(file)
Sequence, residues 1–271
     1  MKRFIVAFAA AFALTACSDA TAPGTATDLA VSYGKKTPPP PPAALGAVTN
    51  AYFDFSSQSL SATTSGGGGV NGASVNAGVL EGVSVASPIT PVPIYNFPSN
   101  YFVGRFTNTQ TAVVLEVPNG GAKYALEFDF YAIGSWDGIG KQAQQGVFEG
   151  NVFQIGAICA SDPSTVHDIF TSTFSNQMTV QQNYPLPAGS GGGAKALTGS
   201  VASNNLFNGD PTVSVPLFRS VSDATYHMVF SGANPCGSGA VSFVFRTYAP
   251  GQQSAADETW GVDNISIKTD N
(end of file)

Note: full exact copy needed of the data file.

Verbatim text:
Sequence, residues 1–271
     1  MKRFIVAFAA AFALTACSDA TAPGTATDLA VSYGKKTPPP PPAALGAVTN
    51  AYFDFSSQSL SATTSGGGGV NGASVNAGVL EGVSVASPIT PVPIYNFPSN
   101  YFVGRFTNTQ TAVVLEVPNG GAKYALEFDF YAIGSWDGIG KQAQQGVFEG
   151  NVFQIGAICA SDPSTVHDIF TSTFSNQMTV QQNYPLPAGS GGGAKALTGS
   201  VASNNLFNGD PTVSVPLFRS VSDATYHMVF SGANPCGSGA VSFVFRTYAP
   251  GQQSAADETW GVDNISIKTD N